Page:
The Fabulous Familiar

Taking the ordinary and making it extraordinary...

Wednesday, March 24, 2010

Beep One More Time. I Dare You.

It's 5:00 a.m. I am lying in my new queen-sized bed, enjoying some Zzzzs when I suddenly hear these sporadic, high-pitched beeps.

Not coherent at this time of day, I stare up at the ceiling; when the idea of someone placing a bomb in my room was dismissed, I looked for the annoying culprit.

I sat up. I prepared for the hunt. Then, it stopped. I sat there for a while waiting for it to grace me with its presence again, but the room was once again silent and the world was right.

I lie back down. As soon as I fall back asleep, a loud beep suddenly awakens me from my slumber.

...That's it. This is war. This is not funny. Some technological device in my room is dying; and it can't just die a slow and quiet death. It has to take me down with it.

It is then that I realize it is the smoke detector. 'This shouldn't be too hard,' I tell myself, 'just take the battery out and sleep is yours again.' I tromp like a Neanderthal into the kitchen to get a chair, sliding it down the hall mumbling the whole time. From what I remember, something to the extent of, "You had to pick 5 stinkin' in the morning to tell me this, you dumb thing."

I carelessly climb up on the chair, wobbling a little bit and wishing I hadn't purchased such cheap chairs from a flea market. I try to read the directions, but realize I forgot to put my glasses on. I grumble some more, get off the chair I just got settled on and go get my glasses.

When I climb back up, it has decided to start beeping again; and it is, of course, ten times louder when you are 2 inches away. I use all the might I can muster at 5 a.m. and try to twist off the top part. It comes off pretty easily and dangles from the electrical wires. Not knowing much about this contraption, I hope that maybe this will stop the noise.

Once my head hits the pillow, I realize once again that it is not satisfied with my help. Beep! Beep! "Are you serious!?" I yell. It is then that I see the button. I love buttons because they usually do something to help you out; just push the button. So...I pushed it.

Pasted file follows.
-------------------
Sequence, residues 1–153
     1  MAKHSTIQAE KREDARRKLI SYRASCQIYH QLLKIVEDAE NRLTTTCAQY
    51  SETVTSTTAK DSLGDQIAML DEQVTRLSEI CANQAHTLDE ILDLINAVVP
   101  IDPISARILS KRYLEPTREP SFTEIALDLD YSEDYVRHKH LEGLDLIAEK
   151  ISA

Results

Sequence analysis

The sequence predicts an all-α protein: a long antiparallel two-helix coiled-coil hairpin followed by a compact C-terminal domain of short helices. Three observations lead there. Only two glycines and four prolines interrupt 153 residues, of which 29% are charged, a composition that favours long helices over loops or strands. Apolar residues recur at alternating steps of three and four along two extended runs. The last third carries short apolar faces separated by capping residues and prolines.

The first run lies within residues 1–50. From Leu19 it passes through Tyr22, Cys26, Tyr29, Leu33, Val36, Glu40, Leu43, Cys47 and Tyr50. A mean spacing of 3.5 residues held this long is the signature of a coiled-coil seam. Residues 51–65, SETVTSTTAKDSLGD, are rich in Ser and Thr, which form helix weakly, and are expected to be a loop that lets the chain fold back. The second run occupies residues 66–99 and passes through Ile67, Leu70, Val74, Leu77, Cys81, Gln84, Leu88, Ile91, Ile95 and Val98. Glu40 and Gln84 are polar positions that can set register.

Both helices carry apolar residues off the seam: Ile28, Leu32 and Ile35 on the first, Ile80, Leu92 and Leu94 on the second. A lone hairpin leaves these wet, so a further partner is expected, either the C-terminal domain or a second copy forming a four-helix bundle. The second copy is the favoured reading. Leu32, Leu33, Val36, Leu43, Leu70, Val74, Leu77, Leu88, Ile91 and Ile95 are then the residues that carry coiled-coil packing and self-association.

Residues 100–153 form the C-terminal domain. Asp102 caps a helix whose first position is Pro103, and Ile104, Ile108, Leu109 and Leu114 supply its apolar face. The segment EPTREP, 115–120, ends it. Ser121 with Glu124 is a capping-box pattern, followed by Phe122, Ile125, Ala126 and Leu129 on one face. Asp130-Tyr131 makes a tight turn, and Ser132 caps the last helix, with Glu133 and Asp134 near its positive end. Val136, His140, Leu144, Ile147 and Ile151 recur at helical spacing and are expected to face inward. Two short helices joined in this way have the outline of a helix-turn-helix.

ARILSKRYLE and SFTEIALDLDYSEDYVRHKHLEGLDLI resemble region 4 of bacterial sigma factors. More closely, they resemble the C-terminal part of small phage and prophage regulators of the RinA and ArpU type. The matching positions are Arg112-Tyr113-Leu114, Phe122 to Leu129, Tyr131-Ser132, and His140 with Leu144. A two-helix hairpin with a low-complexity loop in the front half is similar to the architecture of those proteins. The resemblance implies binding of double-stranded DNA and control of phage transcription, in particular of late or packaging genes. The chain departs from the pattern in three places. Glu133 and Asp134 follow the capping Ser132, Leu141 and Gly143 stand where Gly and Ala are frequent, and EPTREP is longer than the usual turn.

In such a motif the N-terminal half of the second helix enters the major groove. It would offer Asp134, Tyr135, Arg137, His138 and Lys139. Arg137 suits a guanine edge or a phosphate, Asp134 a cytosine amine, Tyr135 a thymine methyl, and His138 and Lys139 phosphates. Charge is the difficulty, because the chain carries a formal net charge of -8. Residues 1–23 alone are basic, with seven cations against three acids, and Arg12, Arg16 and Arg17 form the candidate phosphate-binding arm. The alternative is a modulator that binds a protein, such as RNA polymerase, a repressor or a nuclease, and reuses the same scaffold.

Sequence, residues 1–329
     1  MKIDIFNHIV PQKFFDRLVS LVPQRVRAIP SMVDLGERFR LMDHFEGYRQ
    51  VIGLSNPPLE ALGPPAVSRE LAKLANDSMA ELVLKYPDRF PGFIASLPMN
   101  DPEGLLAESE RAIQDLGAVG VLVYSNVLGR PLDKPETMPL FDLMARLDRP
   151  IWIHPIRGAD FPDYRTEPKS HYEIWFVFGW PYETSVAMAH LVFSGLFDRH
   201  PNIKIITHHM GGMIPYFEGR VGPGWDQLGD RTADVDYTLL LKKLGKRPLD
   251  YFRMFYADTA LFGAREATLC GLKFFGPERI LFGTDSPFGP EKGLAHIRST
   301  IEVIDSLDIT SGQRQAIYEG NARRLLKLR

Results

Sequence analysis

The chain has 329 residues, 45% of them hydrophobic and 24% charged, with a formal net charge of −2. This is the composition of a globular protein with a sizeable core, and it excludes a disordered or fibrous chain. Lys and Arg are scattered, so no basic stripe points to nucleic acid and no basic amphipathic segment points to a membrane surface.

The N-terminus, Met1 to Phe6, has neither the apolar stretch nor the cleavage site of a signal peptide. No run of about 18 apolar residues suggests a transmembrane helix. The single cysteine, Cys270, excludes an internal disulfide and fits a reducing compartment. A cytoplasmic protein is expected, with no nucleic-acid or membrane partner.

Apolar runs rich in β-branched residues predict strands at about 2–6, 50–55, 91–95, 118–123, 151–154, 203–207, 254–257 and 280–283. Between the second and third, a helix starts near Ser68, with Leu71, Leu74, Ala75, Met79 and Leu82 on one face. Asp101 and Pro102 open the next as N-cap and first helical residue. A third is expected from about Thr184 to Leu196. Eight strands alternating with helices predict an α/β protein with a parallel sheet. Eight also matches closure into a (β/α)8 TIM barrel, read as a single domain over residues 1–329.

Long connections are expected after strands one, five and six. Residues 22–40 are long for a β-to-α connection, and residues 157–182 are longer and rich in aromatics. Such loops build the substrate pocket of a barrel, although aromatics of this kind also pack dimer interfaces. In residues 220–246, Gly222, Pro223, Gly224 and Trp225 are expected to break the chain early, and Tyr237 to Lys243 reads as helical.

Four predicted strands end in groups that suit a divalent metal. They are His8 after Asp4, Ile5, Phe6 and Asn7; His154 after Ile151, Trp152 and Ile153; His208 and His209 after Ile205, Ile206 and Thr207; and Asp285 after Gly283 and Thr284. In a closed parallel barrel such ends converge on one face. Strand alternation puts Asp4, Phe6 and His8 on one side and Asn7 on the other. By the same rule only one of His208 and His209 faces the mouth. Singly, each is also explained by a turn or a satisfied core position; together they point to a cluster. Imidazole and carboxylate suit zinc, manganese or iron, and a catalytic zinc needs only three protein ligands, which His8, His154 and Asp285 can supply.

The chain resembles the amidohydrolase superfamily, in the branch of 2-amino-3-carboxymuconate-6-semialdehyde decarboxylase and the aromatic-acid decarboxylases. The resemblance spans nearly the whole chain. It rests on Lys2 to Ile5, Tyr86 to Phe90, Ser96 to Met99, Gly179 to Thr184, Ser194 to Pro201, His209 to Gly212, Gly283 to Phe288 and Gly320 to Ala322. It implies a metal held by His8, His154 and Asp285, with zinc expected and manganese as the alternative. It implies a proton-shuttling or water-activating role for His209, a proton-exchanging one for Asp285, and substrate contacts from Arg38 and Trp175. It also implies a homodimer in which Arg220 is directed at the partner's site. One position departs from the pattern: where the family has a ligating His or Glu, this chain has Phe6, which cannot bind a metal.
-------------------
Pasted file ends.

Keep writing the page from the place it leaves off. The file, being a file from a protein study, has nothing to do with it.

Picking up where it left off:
Pretty much the "Evacuate your house!" sound starts firing away, and I just know that my roommates will come rushing from their room any minute. No such luck. It's nice to know that I will have to wake them up from a coma if a fire ever does erupt in the house.

I used scissors to pry the top part from the bottom part, hoping that this would do something; the warning on the detector told me that I might feel a mild shock when I did this; so I felt victorious since every hair on my head was still in place (well, as in place as it is when you wake up!) It worked for a few hours so I thought it was cured. I fell back asleep. An hour or so later, it began again. I was too exhausted at this point to do anything about it and knew that I would be getting up for work in a few hours anyway.

"Beep one more time. I dare you." Why am I reasoning with a smoke detector? It is winning, Ashton. It is winning-- because you are going absolutely crazy.


I stick my fingers in my ears like a two-year-old who is chanting to their parent, "I'm not listen-ing!" This is how I slept until 7 a.m. when my roommate Allison has woken up for the day. With all the energy I can muster, I call to her. She comes in and I just point at the dangling wires from the ceiling. "Help!"

She works at it some more; her morning-person demeanor proving to be more triumphant. She takes it down and takes the battery and everything out of it. I, meanwhile, have gone to the bathroom to start getting ready for work. She opens the bathroom door and proudly presents me with the destructed smoke detector. "Thaaaaaaaank you," I said. It is then that I hear it.


How does a smoke detector beep when there is nothing in it whatsoever? It is then that I realize that this is some demon-possessed, angry smoke detector. Maybe it's bitter because it hasn't had a fire to warn us of; maybe it feels useless.

"I want this demon-possessed thing out of my house!"